Three Worlds of my Own

Duck

This is my version of a famous lithograph by M. C. Escher called Three Worlds.  His print depicts a still pool in which you can see a fish below the water, leaves scattered on top of the water, and the reflection of trees in the distance: the three worlds of above, below, and on the surface. My photo, which I took just last week, is deliberately overexposed to show the same effect. You can see the reflection of a boat and some trees above the water; the duck, scattered grass, and ripples on the surface; and the weeds growing under the water. Three domains in one image.

The water surface is the equivalent of a half-silvered mirror, which reflects part of the light that hits it and lets some of the light pass through. This is how one-way mirrors work that you see all the time in the interrogation rooms in crime shows. In the brightly-lit room where the suspect is, some of the light is reflected so that it looks like a mirror, and some of the light is passed through to the other side so the observers can see what’s going on. Some of the light from the observers’ side also passes through to the interrogation room, but it’s really dark in there so there’s very little light to begin with and what gets through isn’t noticed. (On TV the observers’ room is usually much too bright because the cameras need a lot of light. If it were that bright in real life, the suspects would see the observers through the mirror.) Normal windows have the same property to a lesser extent, which is why in the daytime you see the world outside but at night you just see your room reflected back at you.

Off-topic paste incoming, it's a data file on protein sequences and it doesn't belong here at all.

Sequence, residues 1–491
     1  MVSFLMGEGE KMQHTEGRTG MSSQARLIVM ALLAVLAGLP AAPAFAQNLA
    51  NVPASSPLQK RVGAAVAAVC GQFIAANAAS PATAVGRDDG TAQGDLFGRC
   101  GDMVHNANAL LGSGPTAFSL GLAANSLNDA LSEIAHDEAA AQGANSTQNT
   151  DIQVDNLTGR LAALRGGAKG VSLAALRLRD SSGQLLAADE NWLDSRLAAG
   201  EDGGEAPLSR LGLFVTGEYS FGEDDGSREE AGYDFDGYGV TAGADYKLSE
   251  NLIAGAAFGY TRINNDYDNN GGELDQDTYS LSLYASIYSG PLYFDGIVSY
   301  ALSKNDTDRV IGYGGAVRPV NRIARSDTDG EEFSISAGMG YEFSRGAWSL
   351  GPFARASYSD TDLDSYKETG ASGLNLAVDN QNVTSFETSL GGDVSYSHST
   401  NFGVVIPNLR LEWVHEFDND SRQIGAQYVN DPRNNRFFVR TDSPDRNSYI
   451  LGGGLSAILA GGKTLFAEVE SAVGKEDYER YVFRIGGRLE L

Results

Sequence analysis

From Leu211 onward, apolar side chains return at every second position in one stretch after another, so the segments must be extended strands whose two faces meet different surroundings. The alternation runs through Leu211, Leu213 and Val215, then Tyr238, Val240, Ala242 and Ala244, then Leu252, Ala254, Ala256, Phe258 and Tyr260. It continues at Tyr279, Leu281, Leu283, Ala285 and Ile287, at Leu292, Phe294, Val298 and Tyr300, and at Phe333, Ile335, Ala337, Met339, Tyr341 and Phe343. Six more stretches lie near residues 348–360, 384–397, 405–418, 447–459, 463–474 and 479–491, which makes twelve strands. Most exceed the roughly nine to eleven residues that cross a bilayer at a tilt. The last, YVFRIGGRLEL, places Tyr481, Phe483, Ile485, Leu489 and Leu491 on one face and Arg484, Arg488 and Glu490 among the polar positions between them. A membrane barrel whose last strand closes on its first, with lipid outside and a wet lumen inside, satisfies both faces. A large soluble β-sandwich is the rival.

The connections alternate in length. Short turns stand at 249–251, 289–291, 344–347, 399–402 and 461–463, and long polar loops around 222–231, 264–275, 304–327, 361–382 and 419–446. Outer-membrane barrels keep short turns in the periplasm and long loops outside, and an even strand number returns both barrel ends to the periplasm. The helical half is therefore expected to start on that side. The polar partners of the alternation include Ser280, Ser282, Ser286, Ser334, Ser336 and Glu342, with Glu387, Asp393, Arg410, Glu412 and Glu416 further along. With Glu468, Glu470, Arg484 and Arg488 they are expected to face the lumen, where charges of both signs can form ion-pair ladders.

Posted in response to the WordPress photo challenge: Mirror

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